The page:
Terminally Well

 

Terminally Well  

By Capt. Gus Cane

Even the most expensive rods and reels are worthless without critical hardware. Catching coastal fish requires a wide variety of terminal tackle—the hooks, swivels, line, leader, crimps and other components that complete the rigs. You might be targeting a certain species. But in the briny, you never know what might show up so it pays to be fully prepared to capitalize on whatever opportunities might arise.

Obviously, line is needed on the reels. The choice between braid and monofilament is a personal one. Both have distinct advantages and disadvantages. Having multiple combos on board offers more flexibility and allows a quick switch from light to heavy if the situation calls for it. If space is limited, carry spare spools loaded with different line classes in case of a break-off, bird’s next or the need to scale up or down.

A similar situation exists with leader material. Multiple spools of different line strengths allow for fast changes. Monofilament leader works well for many applications. For super spooky fish or in clear water conditions, fluorocarbon leader is another option. Again, there are pros and cons to each leader type. Having a mix in the tackle bag will cover all bases. Toothy game fish like king, Spanish and cero mackerel, along with wahoo, barracuda, and sharks, often require the use of wire leader. Single-strand, coated and multi-strand cable are all handy depending on the circumstances. A mix will handle any variables.

The same holds true for an assortment of terminal tackle. Hooks come in multiple styles, sizes, and strengths. A thin-wire 1/0 circle hook nose-hooked to a small pinfish is a good match for a trophy seatrout. But that same hook would be way too light for feeding a palm-size pilchard to an 80-pound tarpon. Similarly, the treble hook on a six-inch surface popper just won’t work as a stinger hook on a kingfish rig. That’s why quantity, quality, and application are so important with terminal tackle. You could go through multiple rigs during a hot bite, and you certainly don’t want to run out or have the wrong stuff. Be prepared, and you’ll be ready for whatever you might encounter.

A good way to organize terminal tackle is by type and sometime species. Clear plastic tackle boxes with multiple (or adjustable) compartments allow loading by size or style. For example, keeping multiple sizes of swivels and crimps in one box allows a quick visual reference. Hooks and sinkers can be organized the same way. The boxes can be color coordinated or labeled with tape or magic marker. Loading several boxes in an open duffel bag makes them easier to tote.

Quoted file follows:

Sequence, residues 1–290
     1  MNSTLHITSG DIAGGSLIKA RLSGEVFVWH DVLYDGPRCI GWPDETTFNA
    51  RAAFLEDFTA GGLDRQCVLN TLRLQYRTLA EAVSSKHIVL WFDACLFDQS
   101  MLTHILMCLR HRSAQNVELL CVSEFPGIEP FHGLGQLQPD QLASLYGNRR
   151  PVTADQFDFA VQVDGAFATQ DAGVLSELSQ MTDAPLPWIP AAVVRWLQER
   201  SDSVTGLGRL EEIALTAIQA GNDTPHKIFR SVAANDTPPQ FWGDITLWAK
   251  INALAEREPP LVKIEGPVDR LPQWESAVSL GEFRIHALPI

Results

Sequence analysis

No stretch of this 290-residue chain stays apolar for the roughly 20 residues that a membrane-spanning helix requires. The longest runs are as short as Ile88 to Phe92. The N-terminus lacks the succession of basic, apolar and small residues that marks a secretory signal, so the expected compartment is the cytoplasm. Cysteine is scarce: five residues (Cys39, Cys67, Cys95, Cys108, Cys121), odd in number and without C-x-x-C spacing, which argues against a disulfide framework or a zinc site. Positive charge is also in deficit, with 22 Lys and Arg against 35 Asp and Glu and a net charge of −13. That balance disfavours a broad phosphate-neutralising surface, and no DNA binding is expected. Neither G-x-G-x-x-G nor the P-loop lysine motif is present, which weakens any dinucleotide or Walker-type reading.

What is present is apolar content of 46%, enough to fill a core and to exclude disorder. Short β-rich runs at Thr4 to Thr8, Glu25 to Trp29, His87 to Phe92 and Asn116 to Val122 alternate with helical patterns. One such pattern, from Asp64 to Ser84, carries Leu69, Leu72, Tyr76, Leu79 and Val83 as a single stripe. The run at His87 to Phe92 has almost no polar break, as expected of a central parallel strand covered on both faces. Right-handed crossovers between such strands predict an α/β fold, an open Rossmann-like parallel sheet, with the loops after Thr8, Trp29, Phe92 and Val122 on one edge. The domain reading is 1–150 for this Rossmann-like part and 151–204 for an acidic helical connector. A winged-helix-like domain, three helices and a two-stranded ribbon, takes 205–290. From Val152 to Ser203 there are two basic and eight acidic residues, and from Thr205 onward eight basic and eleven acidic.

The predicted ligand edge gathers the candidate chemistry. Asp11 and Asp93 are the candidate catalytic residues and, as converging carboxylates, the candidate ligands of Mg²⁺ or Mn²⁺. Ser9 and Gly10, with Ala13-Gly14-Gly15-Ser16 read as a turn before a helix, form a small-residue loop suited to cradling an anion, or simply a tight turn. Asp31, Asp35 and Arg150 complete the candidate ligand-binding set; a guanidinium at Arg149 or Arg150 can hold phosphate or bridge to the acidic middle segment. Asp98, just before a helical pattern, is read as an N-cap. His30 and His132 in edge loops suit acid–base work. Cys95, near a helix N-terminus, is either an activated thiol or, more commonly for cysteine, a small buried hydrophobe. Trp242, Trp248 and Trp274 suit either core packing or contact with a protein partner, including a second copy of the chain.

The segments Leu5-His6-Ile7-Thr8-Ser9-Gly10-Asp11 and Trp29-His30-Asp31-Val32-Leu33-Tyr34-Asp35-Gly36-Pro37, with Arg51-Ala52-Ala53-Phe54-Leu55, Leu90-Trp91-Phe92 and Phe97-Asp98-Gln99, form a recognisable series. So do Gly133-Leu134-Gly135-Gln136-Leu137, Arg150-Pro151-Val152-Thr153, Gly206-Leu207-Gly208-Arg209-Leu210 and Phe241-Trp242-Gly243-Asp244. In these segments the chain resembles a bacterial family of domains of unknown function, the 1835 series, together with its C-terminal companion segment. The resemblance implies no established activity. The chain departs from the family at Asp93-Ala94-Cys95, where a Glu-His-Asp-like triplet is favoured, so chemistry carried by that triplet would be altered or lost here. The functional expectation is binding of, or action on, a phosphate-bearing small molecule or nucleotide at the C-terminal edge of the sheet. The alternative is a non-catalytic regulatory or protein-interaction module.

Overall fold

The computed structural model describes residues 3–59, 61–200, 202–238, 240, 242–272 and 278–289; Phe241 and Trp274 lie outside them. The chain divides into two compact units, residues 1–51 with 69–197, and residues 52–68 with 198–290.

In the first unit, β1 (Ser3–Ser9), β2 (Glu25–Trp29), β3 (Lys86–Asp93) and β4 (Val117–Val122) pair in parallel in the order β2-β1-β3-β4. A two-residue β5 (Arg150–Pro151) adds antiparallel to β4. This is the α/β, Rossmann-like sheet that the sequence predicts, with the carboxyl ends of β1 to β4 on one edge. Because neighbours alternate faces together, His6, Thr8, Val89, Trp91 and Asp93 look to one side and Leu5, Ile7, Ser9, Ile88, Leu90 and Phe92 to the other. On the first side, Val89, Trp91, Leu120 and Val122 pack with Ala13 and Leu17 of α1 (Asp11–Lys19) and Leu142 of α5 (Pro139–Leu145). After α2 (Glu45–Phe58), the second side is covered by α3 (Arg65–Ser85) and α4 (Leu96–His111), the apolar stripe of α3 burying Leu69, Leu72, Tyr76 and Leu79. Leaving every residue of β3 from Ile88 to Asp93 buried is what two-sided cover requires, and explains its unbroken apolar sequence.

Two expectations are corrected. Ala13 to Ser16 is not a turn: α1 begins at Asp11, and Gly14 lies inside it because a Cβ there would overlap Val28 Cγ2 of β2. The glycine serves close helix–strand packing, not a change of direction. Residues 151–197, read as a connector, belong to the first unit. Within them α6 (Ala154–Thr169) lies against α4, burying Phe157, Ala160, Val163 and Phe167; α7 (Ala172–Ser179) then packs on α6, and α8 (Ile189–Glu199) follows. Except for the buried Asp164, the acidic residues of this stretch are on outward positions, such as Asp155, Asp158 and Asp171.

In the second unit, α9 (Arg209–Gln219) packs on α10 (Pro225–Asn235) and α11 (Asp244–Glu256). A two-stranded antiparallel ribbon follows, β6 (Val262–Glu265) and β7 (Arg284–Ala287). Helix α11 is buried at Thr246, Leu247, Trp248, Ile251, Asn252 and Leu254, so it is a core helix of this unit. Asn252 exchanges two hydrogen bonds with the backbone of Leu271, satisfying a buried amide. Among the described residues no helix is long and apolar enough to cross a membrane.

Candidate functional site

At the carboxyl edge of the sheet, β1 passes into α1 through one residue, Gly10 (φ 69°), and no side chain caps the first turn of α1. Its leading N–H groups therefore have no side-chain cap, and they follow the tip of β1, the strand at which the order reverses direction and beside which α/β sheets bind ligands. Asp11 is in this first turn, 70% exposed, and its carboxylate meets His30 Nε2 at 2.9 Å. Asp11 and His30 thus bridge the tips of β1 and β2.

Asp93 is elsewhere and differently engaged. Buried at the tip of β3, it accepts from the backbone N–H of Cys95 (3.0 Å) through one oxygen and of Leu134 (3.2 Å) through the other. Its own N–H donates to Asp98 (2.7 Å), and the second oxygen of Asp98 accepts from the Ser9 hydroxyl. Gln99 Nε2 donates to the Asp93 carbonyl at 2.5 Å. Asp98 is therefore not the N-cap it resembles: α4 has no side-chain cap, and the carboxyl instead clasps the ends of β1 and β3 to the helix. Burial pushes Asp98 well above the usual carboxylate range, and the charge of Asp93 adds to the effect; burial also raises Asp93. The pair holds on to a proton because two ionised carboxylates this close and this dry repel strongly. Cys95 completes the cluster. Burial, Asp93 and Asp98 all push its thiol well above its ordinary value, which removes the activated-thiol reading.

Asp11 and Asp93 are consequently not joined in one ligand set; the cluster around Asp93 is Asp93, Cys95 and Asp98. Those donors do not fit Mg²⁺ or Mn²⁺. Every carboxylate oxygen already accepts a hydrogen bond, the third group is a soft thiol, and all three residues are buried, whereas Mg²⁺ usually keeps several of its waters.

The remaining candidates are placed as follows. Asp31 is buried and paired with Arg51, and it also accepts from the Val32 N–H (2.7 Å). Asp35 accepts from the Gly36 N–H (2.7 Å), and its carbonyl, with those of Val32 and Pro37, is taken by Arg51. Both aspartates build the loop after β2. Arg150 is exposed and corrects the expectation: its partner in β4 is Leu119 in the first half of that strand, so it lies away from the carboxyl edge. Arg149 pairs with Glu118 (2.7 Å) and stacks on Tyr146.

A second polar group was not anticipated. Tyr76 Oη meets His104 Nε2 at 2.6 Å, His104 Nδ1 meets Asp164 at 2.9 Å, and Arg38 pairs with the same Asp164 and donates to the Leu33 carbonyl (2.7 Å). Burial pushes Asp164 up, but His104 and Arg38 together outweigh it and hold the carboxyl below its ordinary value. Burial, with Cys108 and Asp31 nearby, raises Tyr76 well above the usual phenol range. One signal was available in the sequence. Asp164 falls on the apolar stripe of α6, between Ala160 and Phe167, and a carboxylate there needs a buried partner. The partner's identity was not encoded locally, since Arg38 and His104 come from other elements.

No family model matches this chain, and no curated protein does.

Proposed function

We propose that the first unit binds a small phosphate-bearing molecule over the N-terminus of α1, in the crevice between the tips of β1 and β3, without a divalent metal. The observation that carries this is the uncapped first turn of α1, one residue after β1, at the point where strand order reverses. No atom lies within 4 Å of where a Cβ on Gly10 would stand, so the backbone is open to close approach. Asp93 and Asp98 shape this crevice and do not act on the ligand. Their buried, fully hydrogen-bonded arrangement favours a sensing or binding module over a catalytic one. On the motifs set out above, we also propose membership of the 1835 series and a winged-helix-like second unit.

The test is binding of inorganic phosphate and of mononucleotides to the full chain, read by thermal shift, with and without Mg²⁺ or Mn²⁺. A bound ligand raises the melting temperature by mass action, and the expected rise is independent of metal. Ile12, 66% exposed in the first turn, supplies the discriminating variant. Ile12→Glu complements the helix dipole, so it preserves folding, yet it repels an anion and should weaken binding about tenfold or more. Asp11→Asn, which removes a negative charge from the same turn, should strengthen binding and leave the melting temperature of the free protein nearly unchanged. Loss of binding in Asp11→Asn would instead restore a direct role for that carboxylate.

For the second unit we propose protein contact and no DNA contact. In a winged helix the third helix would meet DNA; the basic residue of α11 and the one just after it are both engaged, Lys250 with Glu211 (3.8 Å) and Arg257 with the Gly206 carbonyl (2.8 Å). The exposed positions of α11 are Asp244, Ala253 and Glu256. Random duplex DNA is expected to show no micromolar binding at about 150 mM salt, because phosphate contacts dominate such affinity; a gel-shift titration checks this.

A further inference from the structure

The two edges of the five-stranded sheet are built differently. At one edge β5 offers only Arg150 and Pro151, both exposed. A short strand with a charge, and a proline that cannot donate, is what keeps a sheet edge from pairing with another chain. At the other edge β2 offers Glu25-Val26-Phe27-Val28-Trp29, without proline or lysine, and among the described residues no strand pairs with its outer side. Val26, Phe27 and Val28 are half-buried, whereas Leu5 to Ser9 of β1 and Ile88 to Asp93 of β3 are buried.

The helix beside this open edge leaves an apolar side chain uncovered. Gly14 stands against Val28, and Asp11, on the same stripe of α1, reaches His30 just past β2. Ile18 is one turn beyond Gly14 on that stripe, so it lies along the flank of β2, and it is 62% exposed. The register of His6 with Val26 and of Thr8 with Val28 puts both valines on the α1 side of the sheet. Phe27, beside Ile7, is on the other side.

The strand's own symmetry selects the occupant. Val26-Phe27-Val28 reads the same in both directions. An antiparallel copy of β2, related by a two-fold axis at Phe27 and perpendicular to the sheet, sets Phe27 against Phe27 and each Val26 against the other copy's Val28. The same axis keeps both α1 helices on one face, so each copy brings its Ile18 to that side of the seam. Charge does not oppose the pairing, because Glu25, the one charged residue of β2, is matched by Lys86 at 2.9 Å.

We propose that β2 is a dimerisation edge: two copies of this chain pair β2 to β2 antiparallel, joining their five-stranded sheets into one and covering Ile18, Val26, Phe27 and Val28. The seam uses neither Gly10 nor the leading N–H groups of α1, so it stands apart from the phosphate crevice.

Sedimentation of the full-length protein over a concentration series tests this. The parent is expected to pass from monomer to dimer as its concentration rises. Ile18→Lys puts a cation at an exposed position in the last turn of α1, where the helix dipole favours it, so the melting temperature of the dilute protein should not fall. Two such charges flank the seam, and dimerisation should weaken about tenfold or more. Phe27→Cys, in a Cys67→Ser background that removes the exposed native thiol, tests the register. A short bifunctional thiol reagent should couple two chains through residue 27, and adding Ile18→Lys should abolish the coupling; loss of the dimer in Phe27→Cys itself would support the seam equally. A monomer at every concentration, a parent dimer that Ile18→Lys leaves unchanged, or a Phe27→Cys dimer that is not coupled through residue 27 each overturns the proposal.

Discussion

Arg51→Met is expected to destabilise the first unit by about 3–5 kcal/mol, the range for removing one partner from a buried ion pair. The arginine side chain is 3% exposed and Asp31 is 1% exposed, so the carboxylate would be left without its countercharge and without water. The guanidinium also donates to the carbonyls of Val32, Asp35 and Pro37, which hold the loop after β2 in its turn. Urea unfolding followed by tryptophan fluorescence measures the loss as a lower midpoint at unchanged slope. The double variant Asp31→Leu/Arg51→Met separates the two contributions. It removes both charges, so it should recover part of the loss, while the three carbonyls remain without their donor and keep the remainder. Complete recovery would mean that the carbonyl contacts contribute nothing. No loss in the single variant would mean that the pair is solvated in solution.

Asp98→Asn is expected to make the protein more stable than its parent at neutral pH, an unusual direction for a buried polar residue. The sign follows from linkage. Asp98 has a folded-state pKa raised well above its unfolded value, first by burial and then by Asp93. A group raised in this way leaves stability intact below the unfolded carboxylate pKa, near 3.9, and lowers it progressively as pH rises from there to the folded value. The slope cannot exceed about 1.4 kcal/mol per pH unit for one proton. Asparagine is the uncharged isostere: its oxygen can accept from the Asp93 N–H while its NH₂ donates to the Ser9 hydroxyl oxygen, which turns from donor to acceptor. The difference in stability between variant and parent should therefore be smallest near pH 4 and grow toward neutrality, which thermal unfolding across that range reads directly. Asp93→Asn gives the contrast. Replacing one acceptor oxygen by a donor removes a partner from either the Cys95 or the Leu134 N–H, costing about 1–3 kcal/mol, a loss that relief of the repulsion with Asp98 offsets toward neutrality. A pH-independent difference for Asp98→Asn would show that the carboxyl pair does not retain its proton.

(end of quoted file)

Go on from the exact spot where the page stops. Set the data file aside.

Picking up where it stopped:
Don’t forget the specialized terminal tackle items either. Plastic beads, copper wire, rubber tubing, dusters, dental floss, floats and balloons all have their place in special rigs. Don’t overlook the rigging tools as well. Pliers, crimpers, needles, deboners, bait knives, scissors and other accessories should be kept with the terminal tackle for quick access.

When you’re 30 miles offshore on a weed line loaded with gaffer dolphin, you don’t want to run out of the right hooks or rigs. Stock up and organize your terminal tackle and you won’t be disappointed.

Learn More Visit Yamaha Outboards.com Today.

Original Source:  Sportsmans Lifestyle.com 

The Versatile Ballyhoo

 

The Versatile Ballyhoo

By Capt. Gus Cane

When targeting reef and offshore gamefish, the versatile ballyhoo is an excellent bait choice. Fished whole or cut into chunks, ballyhoo will entice everything from snapper to dolphin to blue marlin. It’s readily available, either live or frozen, and can be rigged in a variety of ways.

Although common in subtropical waters around the globe, the Florida Keys is where ballyhoo first made an impact in charter circles. The most common method of collecting a well full is by anchoring near the shallow patch reefs and soaking a frozen chum block off the boat’s stern. It won’t take long for the halfbeaks to show up by the dozens. As they dart through the drifting bits of thawing chum, a well-placed throw of a large cast net can quickly gather enough for the day. Ballyhoo are somewhat delicate, though, so be sure to avoid exceeding the live well capacity or keep the excess catch in the cooler to use later.